Sparked by pandemic fallout, homeschooling surges across US

(AP) – Some U.S. parents say they’re planning to continue to homeschool their children, even as schools resume in-person classes.

Danielle King of Randolph, Vermont, says requiring homeschooling for her 7-year-old daughter was a “silver lining” in the pandemic.

Some families who spoke with The Associated Press have children with special educational needs.

Others seek a faith-based curriculum or say their local schools are flawed.

The common denominator: They tried homeschooling on what they thought was a temporary basis, and found it beneficial to their children.

The U.S. Census Bureau has confirmed the surge.

It says the rate of households homeschooling their children rose to 11% by September 2020, doubling from 5.4% six months earlier.

VA requires COVID-19 vaccination for health care workers

WASHINGTON (AP) — The Department of Veterans Affairs on Monday became the first major federal agency to require health care workers to get COVID-19 vaccines.

The decision comes as the aggressive delta variant spreads and some communities report troubling increases in hospitalizations among unvaccinated people.

The VA’s move came on a day when nearly 60 leading medical and health care organizations issued a call for health care facilities to require their workers to get vaccinated.

At the VA, vaccines will be now mandatory for specified health care personnel — including physicians, dentists, podiatrists, optometrists, registered nurses, physician assistants, and others who work in departmental facilities or provide direct care to veterans.

Search for bodies concludes at Florida condo collapse site

MIAMI (AP) — Firefighters have officially ended their search for bodies in the debris of the collapsed Surfside condo building.

The decision concludes a month of painstaking work removing layers of dangerous debris that were once piled several stories high.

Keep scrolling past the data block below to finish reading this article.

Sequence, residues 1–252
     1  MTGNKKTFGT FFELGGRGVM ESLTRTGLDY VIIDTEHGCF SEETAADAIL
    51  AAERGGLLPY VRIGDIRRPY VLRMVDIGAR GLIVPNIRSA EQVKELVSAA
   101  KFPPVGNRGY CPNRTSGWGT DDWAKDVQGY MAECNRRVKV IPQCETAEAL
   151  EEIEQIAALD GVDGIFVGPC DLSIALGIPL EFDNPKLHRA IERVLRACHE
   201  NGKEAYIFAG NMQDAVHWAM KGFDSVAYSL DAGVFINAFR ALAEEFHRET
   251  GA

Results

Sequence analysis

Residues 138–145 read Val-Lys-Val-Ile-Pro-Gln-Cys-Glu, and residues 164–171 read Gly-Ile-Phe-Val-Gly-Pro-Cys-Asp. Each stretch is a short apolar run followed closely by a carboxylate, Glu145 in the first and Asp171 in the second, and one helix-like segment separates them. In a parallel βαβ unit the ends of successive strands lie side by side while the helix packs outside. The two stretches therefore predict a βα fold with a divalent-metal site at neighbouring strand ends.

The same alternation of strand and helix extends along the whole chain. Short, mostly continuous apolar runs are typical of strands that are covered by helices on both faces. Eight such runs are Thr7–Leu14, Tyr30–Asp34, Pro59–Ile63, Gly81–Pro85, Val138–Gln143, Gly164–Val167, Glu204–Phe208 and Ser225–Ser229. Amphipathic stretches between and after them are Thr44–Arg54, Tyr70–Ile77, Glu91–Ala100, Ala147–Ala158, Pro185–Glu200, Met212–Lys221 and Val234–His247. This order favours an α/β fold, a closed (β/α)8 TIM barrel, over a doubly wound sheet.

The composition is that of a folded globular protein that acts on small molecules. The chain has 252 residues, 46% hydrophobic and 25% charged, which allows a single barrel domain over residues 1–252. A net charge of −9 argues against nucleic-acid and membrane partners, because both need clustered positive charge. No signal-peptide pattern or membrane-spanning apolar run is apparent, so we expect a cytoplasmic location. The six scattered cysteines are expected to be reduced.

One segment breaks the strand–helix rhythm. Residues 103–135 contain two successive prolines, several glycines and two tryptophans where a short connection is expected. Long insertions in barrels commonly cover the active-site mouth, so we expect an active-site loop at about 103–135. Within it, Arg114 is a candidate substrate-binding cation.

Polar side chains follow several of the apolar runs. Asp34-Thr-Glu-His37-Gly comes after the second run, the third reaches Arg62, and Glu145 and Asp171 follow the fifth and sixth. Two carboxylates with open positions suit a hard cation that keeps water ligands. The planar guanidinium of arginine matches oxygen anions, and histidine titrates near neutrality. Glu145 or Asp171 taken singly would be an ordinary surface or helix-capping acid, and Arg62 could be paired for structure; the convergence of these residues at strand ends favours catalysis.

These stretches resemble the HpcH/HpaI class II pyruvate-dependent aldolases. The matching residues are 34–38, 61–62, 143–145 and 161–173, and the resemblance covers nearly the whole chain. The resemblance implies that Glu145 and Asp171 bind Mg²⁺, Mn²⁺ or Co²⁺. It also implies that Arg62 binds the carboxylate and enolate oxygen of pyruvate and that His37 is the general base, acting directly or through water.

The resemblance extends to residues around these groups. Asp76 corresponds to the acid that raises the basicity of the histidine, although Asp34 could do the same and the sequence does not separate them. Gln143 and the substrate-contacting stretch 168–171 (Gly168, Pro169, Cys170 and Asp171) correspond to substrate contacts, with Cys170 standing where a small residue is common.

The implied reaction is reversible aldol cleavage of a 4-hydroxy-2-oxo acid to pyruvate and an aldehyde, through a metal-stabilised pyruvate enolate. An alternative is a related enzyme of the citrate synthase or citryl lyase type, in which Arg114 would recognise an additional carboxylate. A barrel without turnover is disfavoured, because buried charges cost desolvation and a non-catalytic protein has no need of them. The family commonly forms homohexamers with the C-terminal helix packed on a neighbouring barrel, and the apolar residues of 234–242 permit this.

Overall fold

Miami-Dade Fire Rescue’s urban search-and-rescue team pulled away from the disaster site Friday in a convoy of fire trucks and other vehicles, slowly driving to their headquarters for the announcement.

The June 24 collapse at the oceanside tower killed 97 people, with at least one missing person yet to be identified.

The site has been mostly swept flat and the rubble moved to a Miami warehouse.

Cleveland’s baseball team goes from Indians to Guardians

CLEVELAND (AP) — Known as the Indians since 1915, Cleveland’s Major League Baseball team will be called Guardians.

The ballclub announced the name change on Twitter, ending months of internal discussions triggered by a national reckoning by institutions and teams to permanently drop logos and names considered racist.

The choice of Guardians will undoubtedly be criticized by many of the club’s die-hard fans.

Cleveland’s new name was inspired by two large landmark stone edifices near the downtown ballpark — referred to as traffic guardians — on the Hope Memorial Bridge over the Cuyahoga River.

In 2018, the Indians stopped wearing the contentious Chief Wahoo logo on their jerseys and caps.

However, the team continues to sell merchandise bearing the smiling, red-faced caricature that was protested for decades by Native American groups.

The organization spent most of the past year whittling down a list of potential names that was at nearly 1,200 just over a month ago.

But the process quickly accelerated.

‘The greatest honor’: Osaka lights Olympic cauldron

TOKYO (AP) — What a moment for Naomi Osaka. For the new Japan.

For racial injustice. For female athletes. For tennis.

The four-time Grand Slam winner has lit the cauldron at the opening ceremony of the Tokyo Olympics.

Osaka was born in Japan to a Haitian father and a Japanese mother.

She moved to the U.S. when she was 3.

She is the world’s highest-earning female athlete and has been outspoken about racial injustice.

She writes on Instagram that lighting the cauldron is “undoubtedly the greatest athletic achievement and honor I will ever have in my life.”

Amazon’s mission: Getting a ‘key’ to your apartment building